REVIEW: Range Rover Evoque still a style leader for luxury SUVs
The Evoque first debuted in 2011 and Range Rover managed to sell 772,000 vehicles all over the world – a feat that was unimaginable for an SUV with a small back seat and Range Rover pricing.
In fact, the Evoque took the industry by storm and surprised even the most experienced automotive experts because no one thought that people would choose “styling” over “function” in the sport utility market. Range Rover proved to the whole world that styling, fashion, and design still mattered.
Fast forward to the model year 2020 and we have an all-new Evoque that continues to pioneer styling and design while drastically improving its practicality – all while adding some cool technology features. The redesign maintains elements from the previous model but improves on key areas like interior space, functionality, quality, and performance.
The exterior of the vehicle is as sleek as ever, with strong design cues borrowed from the larger Velar. Precise detailing makes the Evoque sophisticated and dramatic-looking. Door handles are flush with the door and deploy on demand (like in Tesla), and LED lights stay on even in the daytime to give the Evoque a distinct look. The modern design elements include a clamshell hood that wraps all the way around the front end and downward into a sloped roof. This lower roofline does make it harder for taller passengers to get into the vehicle.
The interior of the Evoque follows closely the trend set by the Range Rover Velar. These include fine Kvadrat wool and suede-based seats that offer alternatives to leather seats (the suede cloth is produced from 53 plastic bottles per vehicle). There is also a fully plant-based “leather” seat made from eucalyptus as well.
There is a Drive Assist mode that allows the driver to see under the front wheels with three separate front cameras. A 180-degree view is also available which will help manoeuvre through just about any space. Two separate touchscreens are provided and the infotainment display is very similar to the one in the Velar – which can be an issue since it’s not an easy interface to figure out.
Other technology features include optional Wade Sensing, which uses ultrasonic sensors in the door mirrors to sense if water levels are approaching the vehicle’s max wading depth (60 centimetres). The low traction launch and hill descent control are among some of the other available options.
Standard in the Evoque is a 10-inch touchscreen infotainment system, but an optional upgrade called the Touch Pro Duo is available, which includes dual high-definition touchscreens to allow the driver to access multiple features at the same time. Land Rover InControl includes an app that allows the driver to interact with their Evoque remotely. Apple CarPlay, Android Auto and Spotify are all included in the infotainment suite. A number of smart settings are also standard, including the “Learning” function, where the vehicle learns and automates your preferences based on your habits, past routines and preferred cabin temperature.
The Evoque offers two engines: a 2.0-litre four-cylinder gas engine that produces 246 horsepower, or a more powerful 2.0-litre four-cylinder turbocharged gasoline with a MHEV (passive hybrid) engine that produces 296 h.p. The second engine option is worth the money as it is paired with a 48-volt mild hybrid system that provides better fuel economy and delivers a better power boost. Both options come with a nine-speed “shiftable” automatic transmission.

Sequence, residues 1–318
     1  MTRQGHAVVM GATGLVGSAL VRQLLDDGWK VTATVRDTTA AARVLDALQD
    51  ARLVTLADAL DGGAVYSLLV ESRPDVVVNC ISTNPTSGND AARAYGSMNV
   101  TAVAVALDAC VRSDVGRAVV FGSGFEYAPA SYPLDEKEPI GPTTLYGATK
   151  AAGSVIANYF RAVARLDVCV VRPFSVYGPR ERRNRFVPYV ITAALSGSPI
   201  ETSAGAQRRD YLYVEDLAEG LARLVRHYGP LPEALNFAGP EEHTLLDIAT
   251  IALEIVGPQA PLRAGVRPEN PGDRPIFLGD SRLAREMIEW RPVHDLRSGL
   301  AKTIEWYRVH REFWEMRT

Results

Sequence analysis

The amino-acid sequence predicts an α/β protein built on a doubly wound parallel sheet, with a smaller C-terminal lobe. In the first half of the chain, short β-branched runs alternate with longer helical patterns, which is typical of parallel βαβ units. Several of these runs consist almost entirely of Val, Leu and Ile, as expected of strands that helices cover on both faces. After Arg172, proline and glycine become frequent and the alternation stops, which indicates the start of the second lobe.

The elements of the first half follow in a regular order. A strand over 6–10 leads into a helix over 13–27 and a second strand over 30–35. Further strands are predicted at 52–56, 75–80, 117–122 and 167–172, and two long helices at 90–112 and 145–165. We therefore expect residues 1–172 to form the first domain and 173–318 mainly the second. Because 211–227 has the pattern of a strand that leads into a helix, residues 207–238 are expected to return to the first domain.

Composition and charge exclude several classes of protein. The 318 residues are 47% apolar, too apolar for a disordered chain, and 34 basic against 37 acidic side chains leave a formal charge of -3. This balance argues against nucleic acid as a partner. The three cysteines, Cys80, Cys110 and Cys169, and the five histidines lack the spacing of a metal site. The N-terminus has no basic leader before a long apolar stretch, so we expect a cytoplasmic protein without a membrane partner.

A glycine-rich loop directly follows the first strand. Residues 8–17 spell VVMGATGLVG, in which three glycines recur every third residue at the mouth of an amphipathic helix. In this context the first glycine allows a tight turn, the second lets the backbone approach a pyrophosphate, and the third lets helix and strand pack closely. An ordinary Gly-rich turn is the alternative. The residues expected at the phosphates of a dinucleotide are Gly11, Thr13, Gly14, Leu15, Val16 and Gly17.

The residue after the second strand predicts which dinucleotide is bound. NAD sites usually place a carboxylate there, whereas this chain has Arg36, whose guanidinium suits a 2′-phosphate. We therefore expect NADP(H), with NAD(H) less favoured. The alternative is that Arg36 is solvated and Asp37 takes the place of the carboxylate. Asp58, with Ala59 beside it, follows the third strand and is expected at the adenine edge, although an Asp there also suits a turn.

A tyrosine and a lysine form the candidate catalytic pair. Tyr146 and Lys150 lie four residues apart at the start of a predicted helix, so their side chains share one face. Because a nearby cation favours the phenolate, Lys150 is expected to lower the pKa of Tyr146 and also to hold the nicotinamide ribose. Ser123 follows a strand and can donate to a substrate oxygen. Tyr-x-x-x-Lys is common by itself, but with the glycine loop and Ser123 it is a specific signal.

While the Evoque is an excellent vehicle for the urban jungle, it is also a very capable off-roader that won’t take a backseat to any other car out there. Part of the reason for this capability is the Terrain Response 2 which is an automatic system that monitors the driving conditions in real time and selects the most suitable drive mode. The Evoque offers excellent grip and handling thanks to an intelligent torque distribution system.
In comparison to the competitors, the Evoque offers better refinement than most and significantly better off-road performance. The handling is mid-pack; it’s not as sharp as the BMW X1 or Audi Q3, but perhaps a tad more refined and smoother than both of those. The car is more fun to drive than the Lexus NX, which is showing its age, and features more technology than any other car in this market. And of course, the Evoque looks the best among the many generic looking compact SUVs. BMW tried to offer something stylish in the form of the X2, but that car falls short of the Evoque in most of the key areas.
For the Evoque, buyers have a choice of six trim levels: S, SE, R-Dynamic S, R-Dynamic SE, R-Dynamic HSE and First Edition. R-Dynamic is a better option for those who want the more powerful mild hybrid engine and sportier styling. First Edition is a great choice for those who want a fully decked-out, luxurious and sporty Evoque. The main difference between choosing an S or SE is the slight difference in innovative technologies, wheels, sound system and headlights.
A styling leader from the get go, the Range Rover Evoque delivers a certain sophistication and off-road superiority that’s hard to beat. Seated firmly in a competitive market segment, the 2020 redesign with sustainable technologies and solid performance bring the Evoque into the new era that’s a step beyond its main competitors.
The 2020 Range Rover Evoque starts from $47,950 for the Evoque S and goes up to $61,500 for the First Edition trim – not bad at all for a compact SUV with so much capability.
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